When I was about nine or ten years old, my maternal grandparents came to live with us for a while. Grandad was poorly and Gran needed help, so my bedroom became theirs and my kid brother and I shared his very large room. It was no big deal for the two of us – and having the grandparents around was fun.
Perhaps that’s when I first took on board the idea that multigenerational households are a logical way of life for families. Clearly I’m not alone in thinking so. According to the City Futures Research Centre, more and more Australian families are choosing to live this way. For some families this includes adult children who either continue to live at home or move back in for a while, and/or ageing parents or grandparents who move in with their children rather than entering an aged-care facility.
This shift could be happening for any number of reasons, but it seems to me that it’s at least partly a practical response to increasing societal pressures. The job market is uncertain and very mobile, house prices, childcare and living expenses continue to climb whilst wages remain static or, at best, creep up gradually. We’re all living longer, but may not have anticipated the sharp cost increases or our continued longevity. The result in many cases is that superannuation/pension schemes may not provide an adequate income to last the distance.
There are any number of pluses to multigenerational households, such as shared expenses, assistance with child-care and transport, shared cooking and shopping duties, company and conversation, and being able to keep an eye on one’s ageing parents. It also provides ongoing training for children, adults and older people in getting along together, and can narrow the generation gap through sharing.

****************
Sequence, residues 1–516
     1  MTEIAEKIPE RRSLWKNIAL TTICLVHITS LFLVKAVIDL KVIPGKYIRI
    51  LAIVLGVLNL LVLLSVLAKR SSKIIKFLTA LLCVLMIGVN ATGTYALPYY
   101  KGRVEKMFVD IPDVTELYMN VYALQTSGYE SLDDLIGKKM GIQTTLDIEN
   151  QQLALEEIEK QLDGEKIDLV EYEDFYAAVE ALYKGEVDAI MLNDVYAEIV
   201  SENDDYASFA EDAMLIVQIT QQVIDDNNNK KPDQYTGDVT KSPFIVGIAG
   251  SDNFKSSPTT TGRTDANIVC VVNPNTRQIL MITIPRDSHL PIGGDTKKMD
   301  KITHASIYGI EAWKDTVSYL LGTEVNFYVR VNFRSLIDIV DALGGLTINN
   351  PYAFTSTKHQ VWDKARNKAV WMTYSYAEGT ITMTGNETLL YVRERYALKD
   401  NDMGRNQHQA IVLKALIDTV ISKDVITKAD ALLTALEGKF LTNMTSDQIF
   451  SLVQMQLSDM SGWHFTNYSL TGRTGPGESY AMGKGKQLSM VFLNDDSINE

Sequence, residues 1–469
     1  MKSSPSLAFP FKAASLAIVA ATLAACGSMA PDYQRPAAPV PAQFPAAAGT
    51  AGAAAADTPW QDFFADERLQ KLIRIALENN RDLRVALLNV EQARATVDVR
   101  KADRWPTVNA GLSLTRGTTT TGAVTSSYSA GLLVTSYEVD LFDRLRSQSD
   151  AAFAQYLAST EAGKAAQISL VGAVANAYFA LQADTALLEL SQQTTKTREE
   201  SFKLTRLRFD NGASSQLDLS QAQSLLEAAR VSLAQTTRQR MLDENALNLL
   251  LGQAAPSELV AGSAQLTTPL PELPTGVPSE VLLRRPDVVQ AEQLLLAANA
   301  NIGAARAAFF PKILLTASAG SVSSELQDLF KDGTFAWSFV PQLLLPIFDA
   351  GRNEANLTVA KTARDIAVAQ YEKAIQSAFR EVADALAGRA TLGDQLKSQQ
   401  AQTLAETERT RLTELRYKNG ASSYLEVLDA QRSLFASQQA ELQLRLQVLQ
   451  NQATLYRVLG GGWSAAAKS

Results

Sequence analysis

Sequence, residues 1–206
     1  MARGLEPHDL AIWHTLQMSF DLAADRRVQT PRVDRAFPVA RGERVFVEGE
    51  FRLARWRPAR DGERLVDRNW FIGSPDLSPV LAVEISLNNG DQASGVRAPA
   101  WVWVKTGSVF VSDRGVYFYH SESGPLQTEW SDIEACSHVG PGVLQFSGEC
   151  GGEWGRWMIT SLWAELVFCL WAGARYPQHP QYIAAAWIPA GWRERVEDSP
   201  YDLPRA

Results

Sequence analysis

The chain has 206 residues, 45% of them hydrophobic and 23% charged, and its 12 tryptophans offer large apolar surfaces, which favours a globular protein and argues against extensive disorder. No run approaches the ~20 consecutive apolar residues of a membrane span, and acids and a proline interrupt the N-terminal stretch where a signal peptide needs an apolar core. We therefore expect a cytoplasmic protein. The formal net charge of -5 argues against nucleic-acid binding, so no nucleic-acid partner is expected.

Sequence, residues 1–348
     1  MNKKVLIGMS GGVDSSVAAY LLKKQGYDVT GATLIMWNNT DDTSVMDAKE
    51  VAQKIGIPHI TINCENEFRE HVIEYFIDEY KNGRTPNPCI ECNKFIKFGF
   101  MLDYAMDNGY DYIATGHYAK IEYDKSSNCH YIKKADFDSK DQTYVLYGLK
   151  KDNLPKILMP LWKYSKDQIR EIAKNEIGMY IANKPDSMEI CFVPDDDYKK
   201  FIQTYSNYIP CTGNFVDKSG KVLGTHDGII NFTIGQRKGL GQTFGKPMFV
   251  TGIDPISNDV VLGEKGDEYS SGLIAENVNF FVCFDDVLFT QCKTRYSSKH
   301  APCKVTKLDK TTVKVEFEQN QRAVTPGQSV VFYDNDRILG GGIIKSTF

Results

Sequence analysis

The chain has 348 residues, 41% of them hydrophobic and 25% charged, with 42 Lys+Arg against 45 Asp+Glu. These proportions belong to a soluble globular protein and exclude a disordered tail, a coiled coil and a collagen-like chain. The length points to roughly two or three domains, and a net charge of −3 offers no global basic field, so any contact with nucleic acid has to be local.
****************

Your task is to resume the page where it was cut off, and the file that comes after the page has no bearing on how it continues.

However, adult children often feel that parents never quite view them as having grown up, which can result in ongoing conflict. Ageing parents moving in with a family may also experience this roadblock. Other issues that could arise are differing needs for quiet, privacy, special diets, personality conflicts, mobility assistance, sharing of chores, and clarifying financial arrangements – to name just a few. If not addressed up front and managed on an ongoing basis, any or all of these things can result in a household imploding.
Whilst I acknowledge that it’s not something everyone might want to do, I believe that the positives of multigenerational households far outweigh the negatives. But it does require ongoing mindful engagement from all parties. As long as the group communicates respectfully, plans and remains flexible, most things can be worked out.
Last year our household grew by three cats, four chicken, a number of quail – and an adult child and her partner. After 11 months they were ecstatic to finally move into their own house – and we were pretty happy to not longer have the noisy (!) chickens in the front yard. But the four of us managed to work around each other pretty well all year, having talked about how to manage issues in advance. It can work 🙂